risk-in-pharmaceutical-and-life-sciences-industriesControlling of the risk or the negative outcomes of hazard, which could be due to any of these:

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Supporting statistical tools
risk-in-pharmaceutical-and-life-sciences-industriesWhile all the risk management methods and tools described above are a snapshot of some of the major ones, a few supporting statistical tools, too, are used to engender quality risk management. These are some of them:

 

 

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How to choose a supply chain management solution

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Any business that opts for a supply chain management solution has to have clarity on how to choose a supply chain management solution. This is because the supply chain management solution is expected to carry out a number of very important functions. Choosing the wrong or inappropriate one can backfire on the business and derail and impede, rather than ease its work.

Businesses have to take a few important factors into consideration when they have to choose a supply chain management solution. For the supply chain management solution to perform its function of facilitating the supply chain for the business, it needs to perform its functions smoothly without causing hiccups to the business. This is where the decision-making ability of the business owner comes into picture.

supply-chain-management-solutionSo, what factors need to be taken into consideration when a business has to choose a supply chain management solution? Try considering these:

1. Choose by industryThis is obviously a no brainer, but it is an important first consideration nevertheless in choosing a supply chain management solution. Many supply chain management solution providers sell the idea that these are one-size-fits-all solutions that work across a number of industries since the core functions are essentially the same.

This may be true to an extent, but while a number of functionalities are common across a few industries; it is important to get down to the one that is built for your business. A supply chain management solution that works best for retail, for example, may not be as effective for an automobile store. Getting down to the details and dissecting the functionality that the supply chain management solution performs for your particular industry is an important first step in choosing a supply chain management solution.

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2. Define your needThis is the next important consideration when choosing a supply chain management solution. A number of supply chain management solutions are available in the market. Choose the one that suits your need the best. In order to do this, the business has to define its need to the fullest extent. It could take a few factors such as this into consideration:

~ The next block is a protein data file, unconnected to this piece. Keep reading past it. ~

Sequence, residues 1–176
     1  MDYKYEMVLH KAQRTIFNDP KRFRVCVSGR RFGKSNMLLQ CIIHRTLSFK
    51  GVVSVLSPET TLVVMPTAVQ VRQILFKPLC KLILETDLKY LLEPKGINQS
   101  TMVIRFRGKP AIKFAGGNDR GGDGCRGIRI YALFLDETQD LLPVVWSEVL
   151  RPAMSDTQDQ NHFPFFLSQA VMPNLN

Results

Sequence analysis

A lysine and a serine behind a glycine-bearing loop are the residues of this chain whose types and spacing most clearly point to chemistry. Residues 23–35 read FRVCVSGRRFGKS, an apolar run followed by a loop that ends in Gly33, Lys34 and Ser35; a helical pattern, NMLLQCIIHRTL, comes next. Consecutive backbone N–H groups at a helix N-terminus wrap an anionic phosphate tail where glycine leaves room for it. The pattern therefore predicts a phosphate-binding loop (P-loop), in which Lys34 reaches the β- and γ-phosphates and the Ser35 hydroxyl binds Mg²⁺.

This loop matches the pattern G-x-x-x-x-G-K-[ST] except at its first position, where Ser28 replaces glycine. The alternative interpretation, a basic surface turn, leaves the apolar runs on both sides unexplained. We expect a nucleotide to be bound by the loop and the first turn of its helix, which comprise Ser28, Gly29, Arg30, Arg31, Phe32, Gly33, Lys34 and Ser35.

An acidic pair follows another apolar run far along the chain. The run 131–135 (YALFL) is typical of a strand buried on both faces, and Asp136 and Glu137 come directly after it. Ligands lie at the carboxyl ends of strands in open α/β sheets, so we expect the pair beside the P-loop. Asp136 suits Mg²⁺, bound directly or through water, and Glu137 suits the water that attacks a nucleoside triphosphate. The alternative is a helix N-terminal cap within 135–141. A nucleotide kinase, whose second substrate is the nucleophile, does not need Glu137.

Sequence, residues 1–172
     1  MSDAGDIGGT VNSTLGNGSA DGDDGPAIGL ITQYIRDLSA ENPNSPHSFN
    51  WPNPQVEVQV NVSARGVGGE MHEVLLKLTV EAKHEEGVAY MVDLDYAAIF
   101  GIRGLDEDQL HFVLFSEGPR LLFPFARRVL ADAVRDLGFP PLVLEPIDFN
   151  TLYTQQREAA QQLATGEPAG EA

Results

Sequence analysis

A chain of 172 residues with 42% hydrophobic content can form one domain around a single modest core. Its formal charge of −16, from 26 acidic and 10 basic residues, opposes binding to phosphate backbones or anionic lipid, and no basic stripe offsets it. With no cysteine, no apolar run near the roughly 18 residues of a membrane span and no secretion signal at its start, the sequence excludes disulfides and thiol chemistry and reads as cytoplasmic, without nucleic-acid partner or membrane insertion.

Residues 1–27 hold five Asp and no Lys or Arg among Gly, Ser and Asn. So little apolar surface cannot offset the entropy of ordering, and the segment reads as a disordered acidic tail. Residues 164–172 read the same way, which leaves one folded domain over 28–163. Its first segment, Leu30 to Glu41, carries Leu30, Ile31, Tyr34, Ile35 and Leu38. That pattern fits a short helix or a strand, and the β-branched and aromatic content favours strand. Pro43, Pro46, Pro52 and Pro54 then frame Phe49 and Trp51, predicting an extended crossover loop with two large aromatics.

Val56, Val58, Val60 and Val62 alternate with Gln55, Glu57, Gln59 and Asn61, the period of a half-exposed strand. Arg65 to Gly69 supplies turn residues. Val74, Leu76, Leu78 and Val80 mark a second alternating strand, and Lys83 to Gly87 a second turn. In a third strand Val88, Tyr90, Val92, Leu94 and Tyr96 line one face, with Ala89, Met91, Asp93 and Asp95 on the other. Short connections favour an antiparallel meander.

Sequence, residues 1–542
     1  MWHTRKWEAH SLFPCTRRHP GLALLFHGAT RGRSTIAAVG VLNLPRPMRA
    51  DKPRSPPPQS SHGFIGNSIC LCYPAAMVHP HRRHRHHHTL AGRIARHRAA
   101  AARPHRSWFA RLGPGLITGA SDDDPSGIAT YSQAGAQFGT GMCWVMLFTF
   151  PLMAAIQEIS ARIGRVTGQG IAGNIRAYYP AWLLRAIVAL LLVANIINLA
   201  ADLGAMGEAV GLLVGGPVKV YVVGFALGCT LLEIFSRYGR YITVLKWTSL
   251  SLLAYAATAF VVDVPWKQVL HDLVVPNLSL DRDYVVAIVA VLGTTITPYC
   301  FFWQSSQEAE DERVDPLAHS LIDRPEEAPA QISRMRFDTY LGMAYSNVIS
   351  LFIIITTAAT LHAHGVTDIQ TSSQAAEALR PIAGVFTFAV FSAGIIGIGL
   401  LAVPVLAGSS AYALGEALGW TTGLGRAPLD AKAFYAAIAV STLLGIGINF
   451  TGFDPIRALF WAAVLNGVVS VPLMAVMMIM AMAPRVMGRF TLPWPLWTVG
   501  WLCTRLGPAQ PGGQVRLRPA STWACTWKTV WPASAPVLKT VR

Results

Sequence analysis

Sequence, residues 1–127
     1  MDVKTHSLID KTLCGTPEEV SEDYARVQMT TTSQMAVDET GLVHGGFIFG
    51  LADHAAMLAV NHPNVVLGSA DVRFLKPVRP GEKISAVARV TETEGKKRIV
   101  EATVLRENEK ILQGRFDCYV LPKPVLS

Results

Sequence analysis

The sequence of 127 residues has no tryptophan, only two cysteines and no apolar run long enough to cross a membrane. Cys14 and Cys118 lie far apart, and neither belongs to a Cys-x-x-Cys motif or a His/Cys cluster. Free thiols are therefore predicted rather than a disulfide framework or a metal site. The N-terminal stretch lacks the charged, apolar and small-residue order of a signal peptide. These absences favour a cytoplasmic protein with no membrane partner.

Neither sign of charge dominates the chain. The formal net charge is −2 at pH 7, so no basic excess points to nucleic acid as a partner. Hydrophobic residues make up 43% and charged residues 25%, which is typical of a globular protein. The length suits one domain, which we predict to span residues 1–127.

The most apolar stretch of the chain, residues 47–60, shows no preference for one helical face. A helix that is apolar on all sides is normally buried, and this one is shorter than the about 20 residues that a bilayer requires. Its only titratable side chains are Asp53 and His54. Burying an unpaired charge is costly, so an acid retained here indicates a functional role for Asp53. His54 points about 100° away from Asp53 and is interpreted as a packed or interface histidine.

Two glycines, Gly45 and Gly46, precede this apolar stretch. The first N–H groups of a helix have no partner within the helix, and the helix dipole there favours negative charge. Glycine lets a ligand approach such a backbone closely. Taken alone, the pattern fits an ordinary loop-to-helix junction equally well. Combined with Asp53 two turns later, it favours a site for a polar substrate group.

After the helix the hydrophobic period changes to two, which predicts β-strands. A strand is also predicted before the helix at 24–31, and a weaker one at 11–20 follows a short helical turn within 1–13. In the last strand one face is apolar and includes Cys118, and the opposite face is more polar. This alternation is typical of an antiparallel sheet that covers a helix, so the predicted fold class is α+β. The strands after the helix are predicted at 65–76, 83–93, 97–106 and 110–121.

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3. Understand the integration function of the supply chain management solutionIntegration is, well, the very soul of a supply chain management solution. The business should have clarity on what functions need to be integrated into the supply chain management solution. The reason for which the integration function is built into a supply chain management solution is to facilitate synchronization of the whole chain. This makes it one of the core factors that determined how to choose a supply chain management solution.

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4. Insist on the visibility featureVisibility is a great means for the business to have control over its sales, inventory, logistics, and a host of other functions. The supply chain management solution has to offer visibility on all these functions.

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5. Customer relationship management (CRM)A supply chain management solution is incomplete if it does not come equipped with a strong CRM feature. The CRM is the determinant in helping to establish a good relationship with the customer. The CRM feature should enable the business to completely understand the nature of the orders and their status, plus, more importantly, help in customer query responses and other important customer-related features.

 

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Trends that will shape Supply Chain and Logistics in 2017

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Trends that will shape Supply Chain and Logistics in 2017 is an interesting topic to think about. Though most of the trends are a takeoff from the previous years, unless something really disrupting happens out of the blue at some point of time in the year; the signals are strong that the trends that emerged in the previous few years are set to solidify and get reinforced.

What are the trends that will shape supply chain and logistics in 2017?

For a sector that is dependent heavily on infrastructure for its working; there has been little of path breaking significance in terms of what has been added to the existing infrastructure in any country of significance in the world, at least not to the extent that it can impact the industry in a significant way. The Chinese hobbyhorse, the One Belt One Road (OBOR) initiative, is not slated for completion in this year. The completion of this grand project could spell a major change for the shape supply chain and logistics, but nothing of such drastic significance is set to take place in 2017.